House Proposes Enabling 529 Funds For Aviation Career Education Options


Last week, the House of Representatives introduced the bipartisan Aviation Workforce Development Act, designed to stimulate training for more new pilots and aircraft technicians. The lynchpin of the proposed legislation is enabling potential aviation career seekers to use tax-advantaged 529 investment plans to fund their educations.

When initially approved, 529 plans only enabled tax-free savings to go toward college tuition and expenses. Over time, the list of educational options has grown to include vocational schools and apprentice programs, but to date, aviation career education has not been eligible for the 529 savings.

Four members of the House Transportation and Infrastructure and Ways and Means committees, led by Mike Collins, R-Ga., and including Steve Cohen, D-Tenn., Mike Kelly, R-Pa., and Jimmy Panetta, D-Calif., worked together to craft the Aviation Workforce Development Act with another four original cosponsors. Some 20 commercial and business aviation organizations also back the proposed legislation.

Collins said, “The Aviation Workforce Development Act is a common-sense proposal to give Americans who want to pursue a career in aviation, on the ground or in the air, the same tools as those seeking four-year degrees with zero increased cost to taxpayers.”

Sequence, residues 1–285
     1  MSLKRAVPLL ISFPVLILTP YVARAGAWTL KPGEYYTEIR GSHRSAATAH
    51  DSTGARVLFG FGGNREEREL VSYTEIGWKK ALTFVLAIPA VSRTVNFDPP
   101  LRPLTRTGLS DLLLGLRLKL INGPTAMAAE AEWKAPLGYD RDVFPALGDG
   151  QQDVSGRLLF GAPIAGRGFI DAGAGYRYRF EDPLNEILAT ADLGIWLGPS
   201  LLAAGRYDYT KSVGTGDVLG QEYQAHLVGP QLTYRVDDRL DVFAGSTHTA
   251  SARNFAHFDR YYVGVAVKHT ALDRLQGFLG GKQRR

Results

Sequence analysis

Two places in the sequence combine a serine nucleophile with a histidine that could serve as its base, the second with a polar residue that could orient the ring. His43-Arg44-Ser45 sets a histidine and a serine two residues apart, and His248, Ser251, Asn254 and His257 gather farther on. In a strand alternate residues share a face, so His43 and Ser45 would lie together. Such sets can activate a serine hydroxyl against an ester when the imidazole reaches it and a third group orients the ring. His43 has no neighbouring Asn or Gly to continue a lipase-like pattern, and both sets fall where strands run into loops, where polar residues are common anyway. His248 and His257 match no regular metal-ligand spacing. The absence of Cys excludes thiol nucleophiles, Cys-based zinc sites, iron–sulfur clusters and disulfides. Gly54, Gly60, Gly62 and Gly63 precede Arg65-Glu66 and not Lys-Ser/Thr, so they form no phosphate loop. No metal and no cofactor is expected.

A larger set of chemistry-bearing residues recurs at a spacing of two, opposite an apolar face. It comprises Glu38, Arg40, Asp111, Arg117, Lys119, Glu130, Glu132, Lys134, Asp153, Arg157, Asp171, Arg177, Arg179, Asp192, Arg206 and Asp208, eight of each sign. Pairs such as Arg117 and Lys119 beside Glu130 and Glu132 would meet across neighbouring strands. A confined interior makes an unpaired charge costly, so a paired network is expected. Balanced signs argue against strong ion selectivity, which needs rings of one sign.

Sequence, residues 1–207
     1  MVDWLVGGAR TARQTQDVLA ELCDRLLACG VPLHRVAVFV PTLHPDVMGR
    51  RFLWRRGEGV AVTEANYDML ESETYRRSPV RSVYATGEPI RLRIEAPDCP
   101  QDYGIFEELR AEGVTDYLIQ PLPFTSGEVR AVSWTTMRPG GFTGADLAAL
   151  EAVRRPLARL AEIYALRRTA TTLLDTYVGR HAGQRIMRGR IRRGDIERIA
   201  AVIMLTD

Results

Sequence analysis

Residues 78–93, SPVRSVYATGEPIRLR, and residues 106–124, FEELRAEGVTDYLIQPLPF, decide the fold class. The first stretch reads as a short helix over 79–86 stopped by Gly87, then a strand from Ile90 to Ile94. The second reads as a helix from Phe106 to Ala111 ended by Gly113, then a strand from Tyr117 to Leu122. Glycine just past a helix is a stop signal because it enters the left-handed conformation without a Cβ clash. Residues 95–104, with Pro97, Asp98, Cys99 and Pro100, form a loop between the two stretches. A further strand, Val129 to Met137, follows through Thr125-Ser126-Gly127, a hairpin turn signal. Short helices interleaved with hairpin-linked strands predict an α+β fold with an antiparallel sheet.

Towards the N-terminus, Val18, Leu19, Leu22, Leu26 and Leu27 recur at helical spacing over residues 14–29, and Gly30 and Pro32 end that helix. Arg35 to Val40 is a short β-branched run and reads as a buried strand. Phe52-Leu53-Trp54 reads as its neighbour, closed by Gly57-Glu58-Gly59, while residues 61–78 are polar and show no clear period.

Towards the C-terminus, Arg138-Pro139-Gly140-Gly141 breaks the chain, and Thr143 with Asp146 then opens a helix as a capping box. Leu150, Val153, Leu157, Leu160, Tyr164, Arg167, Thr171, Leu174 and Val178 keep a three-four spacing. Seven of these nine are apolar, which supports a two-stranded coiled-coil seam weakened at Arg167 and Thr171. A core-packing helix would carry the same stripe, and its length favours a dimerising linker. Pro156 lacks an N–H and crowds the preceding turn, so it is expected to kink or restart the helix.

Mark Phelps
Mark Phelps is a senior editor at AVweb. He is an instrument rated private pilot and former owner of a Grumman American AA1B and a V-tail Bonanza.

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  1. I’m a strong proponent of apprenticeship programs. It’s time we recognize that all careers don’t require a four year degree. Unfortunately our education system is a self perpetuating profit center in which the refrain often is “Without a college degree, how will you succeed?”

    I’m the product of an airline apprenticeship in aviation maintenance on heavy jets. Four years later with some additional college courses pertinent to my apprenticeship, I became a journeyman mechanic with an A+P license. Being around Boeing aircraft and P+W engines ignited my desire to fly them and the earnings as a mechanic allowed me enough money for flight lessons. The purchase of a C-140 let me gain more flight experience which consequently was of great value while in flight training with the Army. A tour in Vietnam with over 1000 hrs logged flight time allowed me to skip the flight instructor routine despite being instructor qualified in fixed and rotor wing aircraft. Again, no college during this progression which was then followed by a Flight Engineer and ATP rating. Several more years of utility, freight dog, corporate and National Guard flying led me closer to the goal.

    Eventually I was rehired as a pilot following my absence by the same company that I started as an apprentice with. My dream finally realized after dogged pursuit of this goal and years later retired from the left seat at this major airline. Learning is a process that should never stop and a college degree does not guarantee that.